CVIndependent

Fri07102020

Last updateMon, 20 Apr 2020 1pm

Christopher Nolan’s ambitious film about the 1940 evacuation of allied troops from Dunkirk is one of the great visual cinematic spectacles of the 21st century—and for that, he should be applauded.

Unfortunately, some of his scripting and editing decisions take away from the effectiveness of his movie. In a strange way, this is one of his least-successful films. We are talking about the guy who made Interstellar, The Dark Knight, Batman Begins, Inception, Insomnia and Memento. All of those are great films—and better films than Dunkirk.

Still, Dunkirk is a good movie, and an occasionally astounding one if you manage to see it on an IMAX screen, either at the Regal Rancho Mirage or elsewhere. Nolan shot on film, with all scenes intended for IMAX; add in some incredible soundtrack work by Hans Zimmer, and the movie begs to be seen in theaters—even if the experience is a bit empty in some ways.

Nolan, who also wrote the sparsely worded screenplay, makes the film in three parts. One part is the events on the beach, which take place over a week. The second part is the evacuation at sea, which unfolds in a day. The third is the battle in the air, which covers an hour’s worth of events. The film jumps from one timeline to the next, often abruptly, with the stories ultimately interconnecting. Any Nolan fan knows that he loves to make his movies in complicated ways involving time (Memento being a prime example), and the director himself has called Dunkirk his most experimental yet. Nolan is out to prove that you can cut away from a harrowing ship-sinking sequence to an also-harrowing battle sequence in the air—and maintain the tension all along. Unfortunately, he doesn’t pull off the stunt every time. There are moments when he cuts away to another timeline that I found frustrating and unnecessary. It feels like a director being a little too cute.

I know, I know: Nolan is trying to show how hectic, crazy and unilaterally nuts the whole situation was, with each battle and predicament being equally terrible. That sort of thing goes without saying: Soldiers and civilians were put through all kinds of hell, with one terrible occurrence after another. But Nolan’s experimentation comes at the expense of good, clean, straightforward filmmaking. So far, his movie-puzzle games work better with fiction than they do with real life events.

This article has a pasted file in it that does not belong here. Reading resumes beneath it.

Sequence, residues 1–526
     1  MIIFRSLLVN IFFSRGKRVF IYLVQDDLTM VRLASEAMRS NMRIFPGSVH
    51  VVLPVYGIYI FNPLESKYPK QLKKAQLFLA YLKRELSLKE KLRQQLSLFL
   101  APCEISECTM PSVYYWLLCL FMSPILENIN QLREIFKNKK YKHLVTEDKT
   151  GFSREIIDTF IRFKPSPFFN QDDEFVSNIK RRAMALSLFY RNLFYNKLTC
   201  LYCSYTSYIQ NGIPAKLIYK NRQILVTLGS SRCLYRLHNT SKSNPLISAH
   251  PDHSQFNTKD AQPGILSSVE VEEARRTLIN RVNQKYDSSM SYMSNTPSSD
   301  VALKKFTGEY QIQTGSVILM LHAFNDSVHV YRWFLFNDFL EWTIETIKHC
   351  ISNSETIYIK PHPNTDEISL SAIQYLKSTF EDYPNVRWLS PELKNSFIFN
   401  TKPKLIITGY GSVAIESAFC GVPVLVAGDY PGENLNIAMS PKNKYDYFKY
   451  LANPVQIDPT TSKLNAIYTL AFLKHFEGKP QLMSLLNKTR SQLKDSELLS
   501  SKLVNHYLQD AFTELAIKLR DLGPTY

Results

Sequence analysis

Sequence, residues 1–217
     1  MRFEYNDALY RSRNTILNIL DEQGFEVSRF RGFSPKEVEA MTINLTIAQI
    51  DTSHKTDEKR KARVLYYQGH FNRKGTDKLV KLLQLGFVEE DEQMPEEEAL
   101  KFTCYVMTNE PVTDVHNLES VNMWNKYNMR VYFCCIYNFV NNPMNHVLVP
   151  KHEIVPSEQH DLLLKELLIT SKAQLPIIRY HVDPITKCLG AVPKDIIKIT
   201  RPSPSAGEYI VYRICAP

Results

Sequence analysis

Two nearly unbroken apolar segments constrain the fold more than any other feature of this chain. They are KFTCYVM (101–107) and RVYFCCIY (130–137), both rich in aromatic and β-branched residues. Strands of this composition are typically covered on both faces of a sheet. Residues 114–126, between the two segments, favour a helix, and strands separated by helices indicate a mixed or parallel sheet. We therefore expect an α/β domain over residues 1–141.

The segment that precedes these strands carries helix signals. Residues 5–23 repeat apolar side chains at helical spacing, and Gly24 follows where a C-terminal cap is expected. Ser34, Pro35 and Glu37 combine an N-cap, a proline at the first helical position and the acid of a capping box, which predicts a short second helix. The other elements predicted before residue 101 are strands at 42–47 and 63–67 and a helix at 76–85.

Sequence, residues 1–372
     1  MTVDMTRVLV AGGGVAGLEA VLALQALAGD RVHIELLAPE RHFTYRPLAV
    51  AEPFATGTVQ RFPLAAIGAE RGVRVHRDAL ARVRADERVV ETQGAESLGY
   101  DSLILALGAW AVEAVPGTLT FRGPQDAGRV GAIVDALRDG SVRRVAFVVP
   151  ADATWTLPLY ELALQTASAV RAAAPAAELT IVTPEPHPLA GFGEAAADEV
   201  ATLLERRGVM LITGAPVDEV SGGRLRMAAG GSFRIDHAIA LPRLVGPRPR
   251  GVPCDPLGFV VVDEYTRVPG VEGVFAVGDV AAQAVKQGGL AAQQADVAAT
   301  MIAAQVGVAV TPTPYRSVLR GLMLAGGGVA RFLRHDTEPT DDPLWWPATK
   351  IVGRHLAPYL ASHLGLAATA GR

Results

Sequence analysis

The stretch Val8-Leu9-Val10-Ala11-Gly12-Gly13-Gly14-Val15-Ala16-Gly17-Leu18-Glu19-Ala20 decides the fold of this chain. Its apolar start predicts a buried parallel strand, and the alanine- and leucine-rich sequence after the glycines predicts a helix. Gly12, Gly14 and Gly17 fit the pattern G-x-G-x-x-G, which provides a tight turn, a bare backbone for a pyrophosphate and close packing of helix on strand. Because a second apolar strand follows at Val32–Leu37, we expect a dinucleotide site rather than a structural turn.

Mark Rylance plays the captain of a private boat on his way to rescue men from Dunkirk, while Cillian Murphy is a shell-shocked ship-sinking survivor; they provide the main performances in the “sea” portion of the movie, and they offer up the film’s best acting. Fionn Whitehead and Harry Styles play soldiers on the beach—and let it be said that One Direction’s Styles is a natural onscreen. Tom Hardy, his face once again covered by a mask in a Nolan film, plays one of the fighter pilots, while Kenneth Branagh is on hand as Commander Bolton, overseeing the evacuation on land.

Zimmer’s soundtrack, which utilizes a ticking stopwatch, manages to ratchet up the tension and deliver some glorious notes. In many ways, it’s the glue that holds the whole enterprise together.

Nolan decided to use real ships, planes and sets rather than relying on CGI. In many ways, this gives Dunkirk the epic visual scope that is missing in many high definition, CGI-heavy efforts. This looks and feels like a real movie.

By all means, go see Dunkirk while it is in theaters. It’s certainly a good workout for the eyes and ears, and enough of the moments resonate to make the movie worthwhile. Just be prepared to feel slightly let down if you are thinking this is going to be Nolan’s best, or one of the year’s best films.

Dunkirk is playing at theaters across the valley, in a variety of formats.

Published in Reviews